On the final day of last month’s Alzheimer’s Association International Conference in Toronto, we heard from Dr Jane Ann Driver, a cancer scientist who moved disciplines and took the leap into dementia research. This experience gave her a valuable perspective on dementia research, allowing her to impart lessons learned in cancer research and to highlight important similarities and differences between the two areas.
While elements of risk might be set in stone, at the Alzheimer’s Association International Conference this week we’ve heard from researchers who are targeting elements of lifestyle that may alter our dementia risk, so called ‘modifiable risk factors’.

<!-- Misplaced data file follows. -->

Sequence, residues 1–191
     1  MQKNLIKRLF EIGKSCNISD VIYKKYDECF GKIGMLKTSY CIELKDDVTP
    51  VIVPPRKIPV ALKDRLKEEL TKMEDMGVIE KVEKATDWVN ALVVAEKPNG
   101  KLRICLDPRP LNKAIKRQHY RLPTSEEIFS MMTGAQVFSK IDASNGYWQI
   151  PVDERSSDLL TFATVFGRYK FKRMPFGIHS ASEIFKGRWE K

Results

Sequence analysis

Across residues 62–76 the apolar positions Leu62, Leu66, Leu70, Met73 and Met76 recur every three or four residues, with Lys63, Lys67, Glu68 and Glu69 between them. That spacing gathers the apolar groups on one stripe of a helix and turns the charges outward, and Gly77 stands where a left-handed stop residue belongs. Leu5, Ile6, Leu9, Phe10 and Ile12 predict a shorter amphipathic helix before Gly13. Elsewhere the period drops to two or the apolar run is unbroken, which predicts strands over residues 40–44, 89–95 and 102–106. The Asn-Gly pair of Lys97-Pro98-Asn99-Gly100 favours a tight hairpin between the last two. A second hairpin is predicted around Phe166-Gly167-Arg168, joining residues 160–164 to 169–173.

Most of the news reports that focused on this possible silver lining did explain that the effect was only seen in a very small group of the people on the study – though this may not have been clear from some of the headlines people have seen today.
Findings were reported today from the first phase III anti-tau drug in people with mild-to-moderate Alzheimer’s. The drug, called LMTM, was being tested in a 15-month double-blind, controlled trial in 891 people.
Dementia is the most feared diagnosis in the over 55s in the UK, affecting around 850,000 people across the country. You often ask us why some people develop the condition and others don’t, and whether it’s possible to predict who will go on to get dementia.
The immune system is always on the look-out for new problems to deal with, but research is suggesting it may do more harm than good in Alzheimer’s.
This week dementia researchers from six continents, hundreds of research institutions and countless different backgrounds have made their way to Toronto for the world’s largest meeting of dementia researchers – the Alzheimer’s Association International Conference 2016.